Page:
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Surviving Indian supersymmetric island

Supersymmetry is an exceptional mathematical structure, and if identified in Nature, its discovery will become one of the greatest achievements of science ever and the most specific evidence supporting string theory.

This achievement could very well take place within months although those 6.8 billion people who don't read this blog and who are not professional particle physicists are totally ignorant about this possibly coming huge event. The media are silent and even most of the physics fans seem to have no clue.

However, we haven't seen supersymmetry yet. Various experiments have shown new effects to be pretty small, making it statistically impossible for the supersymmetric parameters to occupy any point in a "majority" of the parameter space that is being used to describe some basic quantitative properties of SUSY in Nature.

Is there any point left that hasn't been excluded yet?

A new Indian preprint offers a remarkable type of a "Yes" answer:

Do new data on [B+ → tau+ nutau] decays point to an early discovery of supersymmetry at the LHC?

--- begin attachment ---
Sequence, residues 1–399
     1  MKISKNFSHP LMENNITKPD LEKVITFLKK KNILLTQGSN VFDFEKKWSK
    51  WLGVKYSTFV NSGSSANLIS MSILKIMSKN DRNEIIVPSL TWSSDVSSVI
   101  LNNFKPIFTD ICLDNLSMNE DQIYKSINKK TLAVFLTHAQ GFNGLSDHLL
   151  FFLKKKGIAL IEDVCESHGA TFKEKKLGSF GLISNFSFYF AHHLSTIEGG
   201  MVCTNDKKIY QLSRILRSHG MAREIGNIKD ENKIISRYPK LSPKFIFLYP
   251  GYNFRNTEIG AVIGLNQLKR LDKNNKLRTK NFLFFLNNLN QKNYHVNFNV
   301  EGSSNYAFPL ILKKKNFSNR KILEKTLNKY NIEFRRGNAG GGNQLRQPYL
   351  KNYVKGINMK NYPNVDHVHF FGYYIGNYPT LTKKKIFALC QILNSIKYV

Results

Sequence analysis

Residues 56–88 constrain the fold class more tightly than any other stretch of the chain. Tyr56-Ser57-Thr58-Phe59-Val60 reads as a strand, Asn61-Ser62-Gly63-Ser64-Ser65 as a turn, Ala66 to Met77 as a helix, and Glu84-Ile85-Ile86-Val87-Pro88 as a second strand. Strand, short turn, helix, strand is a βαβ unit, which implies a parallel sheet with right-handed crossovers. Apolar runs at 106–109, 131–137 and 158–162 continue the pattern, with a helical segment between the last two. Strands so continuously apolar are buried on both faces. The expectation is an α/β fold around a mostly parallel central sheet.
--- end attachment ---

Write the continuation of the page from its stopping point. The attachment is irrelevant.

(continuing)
Four authors from the Tata Institute systematically look at the portions of the cMSSM (constrained Minimal Supersymmetric Standard Model, a subset of the MSSM parameter space that can be derived especially from mSUGRA models) that have been ruled out by various experiments at the 95% confidence level.

Indeed, lots of the volume has been ruled out. But there is a shockingly small island that is compatible with everything - and whose new physics is actually helpful to explain some recent Belle and BaBar deviations from the Standard Model. Here is the physics test for you: can you find the yellow islands on the pictures below?

Click the graphs to zoom in.

Congratulations! I knew you could do it. Even I could do it. ;-) So here are the predicted parameters if Nature happens to choose the supersymmetric island (note that the region is not a vertical-horizontal rectangle so the exact intervals for different quantities are correlated with each other - the intervals below are just estimates):
  • m_0 between 100 and 225 GeV
  • m_{1/2} between 375 and 425 GeV
  • A_0 between -1400 and 625 GeV
  • tan(beta) between 8 and 12
The numbers above give you some idea about the uncertainties. However, let's follow the Indian physicists' recipe and choose a specific benchmark point inside the allowed simplex in the parameter space:
  • m_0 = 150 GeV
  • m_{1/2} = 400 GeV
  • A_0 = -1250 GeV
  • tan(beta) = 10
  • mu is positive